Maintenance of essential .nz domain name data is being handicapped by international body Icann insisting that countries sign a contract which InternetNZ says would give Icann too much control.
Icann, or the Internet Committee for Assigned Names and Numbers, is trying to use any request from a national authority such as InternetNZ for a change in the Icann backup databases for national zones as an excuse to raise the question of countries signing up to Icann’s new standard terms of contract, says Peter Dengate-Thrush, head of InternetNZ’s international committee.
This contract, which very few national internet bodies have signed, “arrogates to Icann control over a lot of policy matters that we [country-code top-level domain authorities, or ccTLDs] think we should control”, says Dengate-Thrush. “This is souring relationships between ccTLDs and Icann and [its operational arm] IANA,” he says.
As part of the proposed new arrangements, Icann is requiring that it have access to national zone files – the database used to translate domain names to IP addresses – for all country-code top-level domains.
A crucial point in Icann’s new terms is expressed in a statement called ICP-1, which it wants to supersede the old guidelines, RFC1591, dealing with the necessity for a primary and secondary nameserver allocated to each address. A crucial added phrase in ICP-1 is “because of its responsibilities for the DNS, the IANA must be granted access to all TLD zones on a continuing basis.” This change is portrayed as an operational matter, says Dengate-Thrush, but it strays into the area of policy, and has not been through the approved policy-making process.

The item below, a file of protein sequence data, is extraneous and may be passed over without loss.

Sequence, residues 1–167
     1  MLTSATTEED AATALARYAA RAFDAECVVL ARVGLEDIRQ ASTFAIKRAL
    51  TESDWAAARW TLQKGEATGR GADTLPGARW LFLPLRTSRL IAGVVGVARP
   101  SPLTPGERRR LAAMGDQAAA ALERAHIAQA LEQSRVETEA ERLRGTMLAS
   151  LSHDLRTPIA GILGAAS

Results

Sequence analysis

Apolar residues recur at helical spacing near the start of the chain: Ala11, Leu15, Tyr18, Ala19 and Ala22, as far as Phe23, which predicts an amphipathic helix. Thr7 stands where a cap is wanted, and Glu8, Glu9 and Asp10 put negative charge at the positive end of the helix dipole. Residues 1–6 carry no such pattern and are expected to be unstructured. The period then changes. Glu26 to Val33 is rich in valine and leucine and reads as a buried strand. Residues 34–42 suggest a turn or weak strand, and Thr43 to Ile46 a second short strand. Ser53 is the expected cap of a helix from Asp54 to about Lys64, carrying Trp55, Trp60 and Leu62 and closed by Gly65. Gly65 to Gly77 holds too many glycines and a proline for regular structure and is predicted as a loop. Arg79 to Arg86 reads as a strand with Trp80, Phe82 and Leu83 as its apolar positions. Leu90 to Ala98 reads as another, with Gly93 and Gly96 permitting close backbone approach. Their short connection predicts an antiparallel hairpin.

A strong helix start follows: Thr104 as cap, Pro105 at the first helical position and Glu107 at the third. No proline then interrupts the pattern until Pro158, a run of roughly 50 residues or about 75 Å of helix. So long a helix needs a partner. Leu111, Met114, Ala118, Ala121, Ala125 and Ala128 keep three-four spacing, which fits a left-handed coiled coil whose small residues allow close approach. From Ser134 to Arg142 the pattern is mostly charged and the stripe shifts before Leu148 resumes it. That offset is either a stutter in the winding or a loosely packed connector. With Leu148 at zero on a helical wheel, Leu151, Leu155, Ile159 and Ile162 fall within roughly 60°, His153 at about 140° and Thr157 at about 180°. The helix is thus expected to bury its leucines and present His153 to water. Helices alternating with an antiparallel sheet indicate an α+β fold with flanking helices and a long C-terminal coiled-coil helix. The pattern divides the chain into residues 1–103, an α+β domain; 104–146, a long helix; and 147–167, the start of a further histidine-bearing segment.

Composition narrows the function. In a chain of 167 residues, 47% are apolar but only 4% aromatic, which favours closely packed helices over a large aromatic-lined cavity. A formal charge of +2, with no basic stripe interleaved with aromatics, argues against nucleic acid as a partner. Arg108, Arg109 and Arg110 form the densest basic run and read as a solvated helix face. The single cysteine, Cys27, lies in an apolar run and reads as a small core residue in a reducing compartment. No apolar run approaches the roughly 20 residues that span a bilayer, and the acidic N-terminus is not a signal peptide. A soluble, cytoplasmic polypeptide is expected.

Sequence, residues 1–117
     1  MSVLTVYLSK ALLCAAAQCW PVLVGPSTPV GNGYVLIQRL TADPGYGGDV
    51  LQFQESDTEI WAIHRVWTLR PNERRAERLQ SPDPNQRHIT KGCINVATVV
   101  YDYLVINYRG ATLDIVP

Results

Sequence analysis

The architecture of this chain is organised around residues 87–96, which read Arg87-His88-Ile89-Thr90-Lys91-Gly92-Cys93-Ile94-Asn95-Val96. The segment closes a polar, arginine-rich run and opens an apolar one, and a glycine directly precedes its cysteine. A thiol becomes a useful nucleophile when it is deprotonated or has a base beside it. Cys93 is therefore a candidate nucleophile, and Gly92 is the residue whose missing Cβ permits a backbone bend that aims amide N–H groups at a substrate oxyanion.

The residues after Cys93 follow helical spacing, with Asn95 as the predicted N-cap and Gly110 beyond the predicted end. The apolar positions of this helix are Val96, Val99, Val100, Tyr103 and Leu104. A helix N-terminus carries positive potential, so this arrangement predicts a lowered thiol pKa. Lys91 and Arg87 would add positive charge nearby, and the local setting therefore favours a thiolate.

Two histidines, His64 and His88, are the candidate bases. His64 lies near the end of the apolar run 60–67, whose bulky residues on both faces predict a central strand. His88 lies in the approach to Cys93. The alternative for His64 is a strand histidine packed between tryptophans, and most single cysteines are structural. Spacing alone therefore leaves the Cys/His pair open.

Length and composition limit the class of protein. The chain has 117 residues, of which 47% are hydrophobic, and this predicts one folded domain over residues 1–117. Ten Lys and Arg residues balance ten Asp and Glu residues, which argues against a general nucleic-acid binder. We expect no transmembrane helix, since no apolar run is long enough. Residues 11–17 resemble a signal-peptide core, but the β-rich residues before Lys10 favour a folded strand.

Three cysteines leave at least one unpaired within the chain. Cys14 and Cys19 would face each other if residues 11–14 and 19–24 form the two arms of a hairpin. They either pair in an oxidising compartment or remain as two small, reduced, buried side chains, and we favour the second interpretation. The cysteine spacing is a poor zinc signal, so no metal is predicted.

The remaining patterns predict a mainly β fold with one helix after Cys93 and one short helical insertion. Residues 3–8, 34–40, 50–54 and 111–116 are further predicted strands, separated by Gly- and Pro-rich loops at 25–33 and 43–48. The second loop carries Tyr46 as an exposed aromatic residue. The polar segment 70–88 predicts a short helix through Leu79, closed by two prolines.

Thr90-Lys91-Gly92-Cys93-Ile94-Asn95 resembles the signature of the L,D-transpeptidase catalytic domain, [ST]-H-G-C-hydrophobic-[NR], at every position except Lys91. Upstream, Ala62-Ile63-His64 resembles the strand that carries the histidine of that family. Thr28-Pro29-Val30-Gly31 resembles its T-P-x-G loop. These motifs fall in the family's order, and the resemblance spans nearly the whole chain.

Centr, the organisation of European ccTLD bodies, says ICP-1 was never considered or approved by the ccTLD community and thus has not gained widespread support.
"Many ccTLDs only recognise RFC1591 as the authoritative document on ccTLD management.”
The transmission of sensitive information like a complete national internet database across national boundaries “raises all kinds of questions of privacy and copyright” and therefore definitely comes into policy territory, says Dengate-Thrush.
InternetNZ executive director Sue Leader confirms that there has been difficulty getting information changed, such as the addresses of the new name servers for the domain following the move to the new domain registry system (DRS). Icann is still sending correspondence to a physical address InternetNZ left about two years ago.
"Ever since Icann took over, they have been very slow to make any changes," Leader says. Originally, Icann had denied this was anything to do with InternetNZ and other ccTLDs refusing to sign the contract, says Leader, but about four weeks ago, they acknowledged this was the reason.
"The ccTLDs drafted contracts through a consensual process two years ago, and Icann is trying to override this with its own contract, that basically says 'you will pay what we say and do what we tell you'. We have a responsibility to our own internet communities, at minimum to our own governments, but most ccTLDs have interested communities considerably broader than that."